Over 800,000 Protesters Surge the Streets of D.C. at “March For Our Lives”


An up-close look at the student-led protest for gun control and school safety.

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After the Parkland, Florida school shooting on February 14, 2018, student survivors from Marjory Stoneman Douglas High School banded together to form one of the strongest movements for gun control our country has ever seen. The students behind the movement, “Never Again” initiated a march in order to peacefully protest for stronger gun control legislation in the U.S. and an increase in school security around the country. Of the 580 worldwide March for Our Lives marches, the location of the most recognized march— Washington D.C.— is relatively close to Broadneck high school.

The bright and blustery streets of downtown D.C. were alive and filled to the brim with families, friends, neighbors, and acquaintances expressing their concern for student safety at school. Marchers’ ages ranged from infants to the elderly. Brilliant, comical, and heartbreaking signs waved in the air, communicating messages such as, “Arms are for hugging,” “Don’t give my teacher a gun; she hates me!” and “Am I next?” Despite hundreds of different signs, demographics and expressed messages, the protestors pressed for something they all believed in— the safety of themselves, their friends, their children and even their grandchildren at school.

The event was large enough to attract performances from celebrities such as Miley Cyrus, Demi Lovato, Ariana Grande, Jennifer Hudson, Lin-Manuel Miranda and Ben Platt, as well as the marching of celebrities Kim Kardashian and Kanye West, Jimmy Fallon, Julianne Moore and Steven Spielberg, among others. “This song has never felt more special,” Cyrus spoke of her hit song “The Climb,” she performed, adding, “I just find myself lucky to be in the presence of all of you wonderful people fighting for what is right.”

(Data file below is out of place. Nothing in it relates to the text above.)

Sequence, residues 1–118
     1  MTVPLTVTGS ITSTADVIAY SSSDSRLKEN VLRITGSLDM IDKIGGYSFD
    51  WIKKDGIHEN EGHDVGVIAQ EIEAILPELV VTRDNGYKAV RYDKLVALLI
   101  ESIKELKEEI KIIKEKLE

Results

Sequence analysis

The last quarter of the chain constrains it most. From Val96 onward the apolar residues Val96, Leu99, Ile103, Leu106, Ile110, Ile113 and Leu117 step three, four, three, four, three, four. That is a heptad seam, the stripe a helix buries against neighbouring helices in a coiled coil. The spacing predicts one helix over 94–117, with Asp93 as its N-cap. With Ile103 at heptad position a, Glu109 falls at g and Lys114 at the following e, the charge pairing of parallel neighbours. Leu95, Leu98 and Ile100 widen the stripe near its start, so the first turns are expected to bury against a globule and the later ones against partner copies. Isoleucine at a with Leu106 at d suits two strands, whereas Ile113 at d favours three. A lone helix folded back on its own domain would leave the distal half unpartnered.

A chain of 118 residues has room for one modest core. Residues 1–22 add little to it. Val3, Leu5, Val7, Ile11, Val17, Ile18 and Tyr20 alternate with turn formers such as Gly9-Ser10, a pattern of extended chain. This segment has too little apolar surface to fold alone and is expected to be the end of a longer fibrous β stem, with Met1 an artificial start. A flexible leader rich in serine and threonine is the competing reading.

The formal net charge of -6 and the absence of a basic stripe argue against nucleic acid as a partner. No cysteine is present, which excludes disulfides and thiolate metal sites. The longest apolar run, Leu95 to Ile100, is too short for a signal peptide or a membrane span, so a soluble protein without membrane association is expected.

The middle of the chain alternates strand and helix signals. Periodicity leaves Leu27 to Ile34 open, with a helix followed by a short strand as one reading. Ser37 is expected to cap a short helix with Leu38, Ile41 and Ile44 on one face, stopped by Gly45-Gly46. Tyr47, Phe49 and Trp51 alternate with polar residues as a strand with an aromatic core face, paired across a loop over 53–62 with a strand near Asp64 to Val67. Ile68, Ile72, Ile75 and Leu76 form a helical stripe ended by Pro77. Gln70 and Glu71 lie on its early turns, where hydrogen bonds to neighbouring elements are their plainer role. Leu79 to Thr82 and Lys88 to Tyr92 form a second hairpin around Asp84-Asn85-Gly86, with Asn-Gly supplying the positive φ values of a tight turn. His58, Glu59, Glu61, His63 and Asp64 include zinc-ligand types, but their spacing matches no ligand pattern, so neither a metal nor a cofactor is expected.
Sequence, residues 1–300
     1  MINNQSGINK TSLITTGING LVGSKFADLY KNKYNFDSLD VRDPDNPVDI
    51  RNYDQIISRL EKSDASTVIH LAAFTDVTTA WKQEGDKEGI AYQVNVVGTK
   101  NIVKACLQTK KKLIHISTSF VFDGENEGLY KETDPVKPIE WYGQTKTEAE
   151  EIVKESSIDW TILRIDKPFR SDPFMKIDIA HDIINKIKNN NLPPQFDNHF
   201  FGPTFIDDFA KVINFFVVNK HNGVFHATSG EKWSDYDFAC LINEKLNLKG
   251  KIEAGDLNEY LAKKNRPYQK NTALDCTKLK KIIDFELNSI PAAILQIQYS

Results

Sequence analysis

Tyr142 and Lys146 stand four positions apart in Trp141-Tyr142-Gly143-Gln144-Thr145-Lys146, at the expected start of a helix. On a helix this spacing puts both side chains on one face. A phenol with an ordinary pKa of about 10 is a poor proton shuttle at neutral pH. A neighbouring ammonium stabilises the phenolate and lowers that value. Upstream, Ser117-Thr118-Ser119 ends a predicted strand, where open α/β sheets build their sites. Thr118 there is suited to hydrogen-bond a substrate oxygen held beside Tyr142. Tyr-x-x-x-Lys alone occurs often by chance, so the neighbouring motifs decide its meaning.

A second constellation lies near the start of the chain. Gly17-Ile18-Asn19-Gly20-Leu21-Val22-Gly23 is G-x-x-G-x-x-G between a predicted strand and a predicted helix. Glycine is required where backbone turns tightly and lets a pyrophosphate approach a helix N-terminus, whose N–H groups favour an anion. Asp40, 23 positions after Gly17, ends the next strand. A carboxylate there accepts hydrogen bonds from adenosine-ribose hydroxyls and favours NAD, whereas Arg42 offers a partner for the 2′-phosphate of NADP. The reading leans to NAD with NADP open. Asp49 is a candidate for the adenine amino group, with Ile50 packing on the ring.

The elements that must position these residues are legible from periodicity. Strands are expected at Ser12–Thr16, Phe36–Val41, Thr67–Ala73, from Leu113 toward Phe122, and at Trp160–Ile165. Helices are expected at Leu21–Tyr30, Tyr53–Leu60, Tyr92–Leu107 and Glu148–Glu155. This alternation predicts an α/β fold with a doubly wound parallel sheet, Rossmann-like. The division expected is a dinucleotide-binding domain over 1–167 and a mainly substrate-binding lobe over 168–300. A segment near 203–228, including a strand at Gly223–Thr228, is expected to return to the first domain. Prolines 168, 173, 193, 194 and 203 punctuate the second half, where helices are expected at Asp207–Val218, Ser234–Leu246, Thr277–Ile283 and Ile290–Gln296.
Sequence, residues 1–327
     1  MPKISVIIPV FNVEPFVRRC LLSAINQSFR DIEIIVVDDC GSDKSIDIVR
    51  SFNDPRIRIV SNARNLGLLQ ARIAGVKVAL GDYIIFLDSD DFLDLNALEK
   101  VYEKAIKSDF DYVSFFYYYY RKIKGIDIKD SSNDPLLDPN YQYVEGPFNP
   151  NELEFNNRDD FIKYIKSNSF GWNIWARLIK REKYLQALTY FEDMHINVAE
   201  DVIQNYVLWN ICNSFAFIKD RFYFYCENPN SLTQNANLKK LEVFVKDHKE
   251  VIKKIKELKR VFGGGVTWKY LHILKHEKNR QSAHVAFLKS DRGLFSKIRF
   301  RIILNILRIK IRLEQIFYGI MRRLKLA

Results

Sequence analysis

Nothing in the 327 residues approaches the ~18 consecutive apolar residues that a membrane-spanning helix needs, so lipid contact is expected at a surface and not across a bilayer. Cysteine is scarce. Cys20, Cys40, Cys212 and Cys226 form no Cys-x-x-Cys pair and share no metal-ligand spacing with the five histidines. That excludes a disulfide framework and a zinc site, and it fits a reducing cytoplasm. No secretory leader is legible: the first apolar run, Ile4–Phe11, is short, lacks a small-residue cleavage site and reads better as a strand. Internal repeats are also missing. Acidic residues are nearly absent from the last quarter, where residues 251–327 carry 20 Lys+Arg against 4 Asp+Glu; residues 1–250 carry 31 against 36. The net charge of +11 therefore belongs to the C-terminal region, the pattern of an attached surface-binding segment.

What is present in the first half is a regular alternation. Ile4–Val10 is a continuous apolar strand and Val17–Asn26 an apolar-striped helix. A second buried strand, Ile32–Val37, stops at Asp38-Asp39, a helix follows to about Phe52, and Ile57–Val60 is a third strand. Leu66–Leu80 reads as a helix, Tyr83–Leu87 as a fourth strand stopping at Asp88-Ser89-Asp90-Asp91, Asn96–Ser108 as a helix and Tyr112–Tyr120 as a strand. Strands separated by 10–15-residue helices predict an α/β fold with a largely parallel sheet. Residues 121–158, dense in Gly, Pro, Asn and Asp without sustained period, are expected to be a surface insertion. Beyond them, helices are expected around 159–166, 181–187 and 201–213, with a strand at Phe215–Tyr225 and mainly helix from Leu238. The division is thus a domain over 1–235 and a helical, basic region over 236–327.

Several guest speakers also appeared onstage to give chilling and heartwarming speeches before the crowd, including that of Emma Gonzalez, a survivor of the Marjory Stoneman Douglas High shooting and student activist behind “Never Again.” Gonzalez opened her speech noting that all seventeen victims at her school were killed in six minutes and twenty seconds, and explained that these victims would never do everyday activities again. “Six minutes and twenty seconds with an AR-15, and my friend Carmen would never complain to me about piano practice… Scott Beigel would never joke around with Cameron at camp… Joaquin Oliver would never play basketball with Sam or Dylan.” She then remained silent for four minutes and twenty-five seconds, shedding tears and staring straight ahead in one of the most powerful demonstrations at the march. While many believed her silence to be held for six minutes and twenty seconds, this was actually the total time she had stood on stage since coming out. “Since I have been out here,” she said, breaking the silence, “it has been six minutes and twenty seconds.”

Another guest speaker astounded the audience with her age and ancestry. As a young girl walked smiling onstage, she announced “My name is Yolanda Renee King, granddaughter of Martin Luther King.” The nine year-old then proceeded to echo her grandfather’s most famous speech in her own: “I have a dream that enough is enough… and that this should be a gun-free world— period.” An additional young speaker, seventeen year old Edna Chavez, gave the “Never Again” movement relevance for her hometown: “I have lived in South LA my entire life, and have lost many loved ones to gun violence. This is normal— normal to a point that I have learned to duck from bullets before I learned how to read.”

A group of student protesters revealed why they came to march in D.C., explaining, “I came out today because I want to feel safe in my school,” and “I came because I don’t want to be silenced by adults and politicians; I want to make a change, and I want my little brother to be safe.” A student in the group explained that this issue is important to her because “it shouldn’t be easy for people to get something having the power to end someone’s life.” Another student said that the march was doing more than just spreading awareness and voicing opinions about the issue: “People at the march were registering to vote, so they will hopefully vote people out of office” who prevent the passage of gun control legislation. The march appeared to move every attendee; one explaining that she was most moved by the “wide range of ages… showing that it’s not just a problem for schools; it’s a problem for everyone.” Another described the power of the victims’ speeches: “Having speakers that had actually experienced gun violence was very powerful.”

The issue of gun violence in schools following the Parkland, Florida school shooting is one that has overreached party lines, ideologies, and demographics. March For Our Lives has proven not only the power of people when they want change, but the power of students when they want change.